Harper's Encyclopedia of United States History (ed. Benson Lossing), Drayton, Percival, 1812-1865 (search)
Drayton, Percival, 1812-1865 Naval officer; born in South Carolina, Aug. 25, 1812; entered the navy as a midshipman in 1827; was promoted lieutenant in 1838; took part in the Paraguay expedition in 1858; commanded the monitor Passaic in the bombardment of Fort McAllister, and Farragut's flag-ship, the Hartford, in the battle of Mobile Bay, Aug. 5, 1864; and afterwards became chief of the bureau of navigation. He died in Washington, D. C., Aug. 4, 1865.
Harper's Encyclopedia of United States History (ed. Benson Lossing), Hazen, William Babcock 1830-1887 (search)
iment, he joined Buell at Louisville in December; and in January had command of a brigade, with which he took a conspicuous part in the battle of Shiloh. After that he was very active in Kentucky, Tennessee, and northern Mississippi and Alabama, and did excellent service in the battle at Stone River or Murfreesboro, in protecting the left wing of the army from being turned by attacks in front and flank at the same time. He was commissioned brigadiergeneral of volunteers, Nov. 29, 1862. At Chickamauga and Missionary Ridge he was actively engaged, and he served through the Atlanta campaign. In Sherman's march to the sea he commanded a division, with which he captured Fort McAllister (December, 1864). He was engaged in the operations which ended in the surrender of Johnston's army; was brevetted major-general in 1865, and in 1880 was appointed chief signal-officer. He introduced the cold-wave signal, and published several military works. He died in Washington, D. C., Jan. 16, 1887.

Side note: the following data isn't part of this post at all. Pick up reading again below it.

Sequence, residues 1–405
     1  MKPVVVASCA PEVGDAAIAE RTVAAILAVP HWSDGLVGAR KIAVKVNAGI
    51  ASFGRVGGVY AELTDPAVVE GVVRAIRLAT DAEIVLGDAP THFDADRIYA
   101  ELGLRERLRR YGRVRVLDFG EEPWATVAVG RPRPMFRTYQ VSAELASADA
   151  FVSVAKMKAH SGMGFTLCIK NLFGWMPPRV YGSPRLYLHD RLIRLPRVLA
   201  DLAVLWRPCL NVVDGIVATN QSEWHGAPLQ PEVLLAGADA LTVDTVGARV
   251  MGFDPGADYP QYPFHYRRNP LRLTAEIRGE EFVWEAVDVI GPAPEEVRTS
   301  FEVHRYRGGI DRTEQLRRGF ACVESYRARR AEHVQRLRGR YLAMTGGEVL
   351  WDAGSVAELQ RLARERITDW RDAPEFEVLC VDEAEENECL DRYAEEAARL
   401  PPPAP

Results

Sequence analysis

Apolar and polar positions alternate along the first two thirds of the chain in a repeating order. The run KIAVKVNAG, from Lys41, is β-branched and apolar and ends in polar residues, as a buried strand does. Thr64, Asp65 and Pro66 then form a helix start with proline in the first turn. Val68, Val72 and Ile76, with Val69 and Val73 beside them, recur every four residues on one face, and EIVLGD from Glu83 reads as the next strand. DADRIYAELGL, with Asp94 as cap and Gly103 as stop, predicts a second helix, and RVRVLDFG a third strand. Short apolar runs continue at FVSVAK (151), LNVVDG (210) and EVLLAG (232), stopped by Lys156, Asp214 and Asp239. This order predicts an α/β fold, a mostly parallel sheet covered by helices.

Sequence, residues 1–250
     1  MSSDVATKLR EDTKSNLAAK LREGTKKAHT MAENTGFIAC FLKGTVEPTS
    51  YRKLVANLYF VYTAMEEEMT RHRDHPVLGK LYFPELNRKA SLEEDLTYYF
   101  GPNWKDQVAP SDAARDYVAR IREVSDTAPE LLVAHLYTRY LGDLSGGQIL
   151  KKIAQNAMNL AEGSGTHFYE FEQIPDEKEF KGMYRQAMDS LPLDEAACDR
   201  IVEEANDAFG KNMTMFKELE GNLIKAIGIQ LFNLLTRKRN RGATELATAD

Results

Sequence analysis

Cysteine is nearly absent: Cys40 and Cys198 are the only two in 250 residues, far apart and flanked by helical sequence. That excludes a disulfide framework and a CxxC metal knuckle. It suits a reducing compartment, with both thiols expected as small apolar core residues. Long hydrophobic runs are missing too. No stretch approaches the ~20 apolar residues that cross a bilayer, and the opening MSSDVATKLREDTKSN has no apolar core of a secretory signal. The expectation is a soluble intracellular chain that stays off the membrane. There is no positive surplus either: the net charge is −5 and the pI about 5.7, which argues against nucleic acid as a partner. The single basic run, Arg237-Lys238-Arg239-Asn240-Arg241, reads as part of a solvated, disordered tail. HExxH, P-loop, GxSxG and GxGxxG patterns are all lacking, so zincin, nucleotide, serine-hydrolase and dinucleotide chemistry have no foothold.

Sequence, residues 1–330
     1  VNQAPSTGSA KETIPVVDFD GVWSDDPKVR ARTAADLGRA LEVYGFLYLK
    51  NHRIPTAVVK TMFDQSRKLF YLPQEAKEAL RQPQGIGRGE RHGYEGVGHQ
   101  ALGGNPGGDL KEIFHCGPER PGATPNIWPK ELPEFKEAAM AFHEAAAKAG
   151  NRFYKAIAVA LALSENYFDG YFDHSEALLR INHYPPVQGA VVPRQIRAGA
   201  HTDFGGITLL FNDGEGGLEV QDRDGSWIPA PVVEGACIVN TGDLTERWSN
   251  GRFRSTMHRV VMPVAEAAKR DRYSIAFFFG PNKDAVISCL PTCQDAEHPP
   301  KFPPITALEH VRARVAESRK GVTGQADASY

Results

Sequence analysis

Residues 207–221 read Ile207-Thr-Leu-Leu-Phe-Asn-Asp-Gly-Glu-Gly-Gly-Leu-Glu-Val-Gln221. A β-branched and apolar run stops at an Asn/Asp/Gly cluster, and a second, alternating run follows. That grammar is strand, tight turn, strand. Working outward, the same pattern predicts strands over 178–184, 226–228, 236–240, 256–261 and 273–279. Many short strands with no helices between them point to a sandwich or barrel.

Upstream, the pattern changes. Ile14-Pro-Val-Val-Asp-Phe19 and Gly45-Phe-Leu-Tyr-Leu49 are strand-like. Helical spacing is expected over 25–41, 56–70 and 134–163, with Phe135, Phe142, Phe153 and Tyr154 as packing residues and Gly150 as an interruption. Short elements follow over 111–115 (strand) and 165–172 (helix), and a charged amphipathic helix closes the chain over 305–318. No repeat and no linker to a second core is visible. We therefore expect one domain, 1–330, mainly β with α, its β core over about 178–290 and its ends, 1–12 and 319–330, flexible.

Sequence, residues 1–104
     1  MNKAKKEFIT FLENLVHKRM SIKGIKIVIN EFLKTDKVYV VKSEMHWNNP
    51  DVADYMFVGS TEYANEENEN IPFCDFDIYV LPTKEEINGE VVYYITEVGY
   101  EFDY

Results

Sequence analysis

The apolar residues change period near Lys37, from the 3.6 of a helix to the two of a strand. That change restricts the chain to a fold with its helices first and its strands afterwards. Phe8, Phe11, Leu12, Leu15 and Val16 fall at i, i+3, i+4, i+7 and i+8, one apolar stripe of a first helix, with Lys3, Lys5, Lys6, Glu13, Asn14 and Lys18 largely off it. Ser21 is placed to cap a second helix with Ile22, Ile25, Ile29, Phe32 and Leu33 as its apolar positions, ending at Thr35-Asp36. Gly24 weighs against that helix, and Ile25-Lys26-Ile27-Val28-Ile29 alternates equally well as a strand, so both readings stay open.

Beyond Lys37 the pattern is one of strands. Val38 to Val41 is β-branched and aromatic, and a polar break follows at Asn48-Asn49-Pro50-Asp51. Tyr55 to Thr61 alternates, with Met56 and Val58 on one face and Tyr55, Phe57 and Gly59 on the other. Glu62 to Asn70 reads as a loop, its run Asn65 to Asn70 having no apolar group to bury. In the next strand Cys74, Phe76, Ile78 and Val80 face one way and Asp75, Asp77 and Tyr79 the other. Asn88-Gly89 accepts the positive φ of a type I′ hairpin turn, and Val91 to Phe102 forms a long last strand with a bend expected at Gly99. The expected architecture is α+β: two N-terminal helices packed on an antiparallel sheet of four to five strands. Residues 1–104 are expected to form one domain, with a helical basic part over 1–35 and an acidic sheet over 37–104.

Harper's Encyclopedia of United States History (ed. Benson Lossing), McAllister, Fort, capture of (search)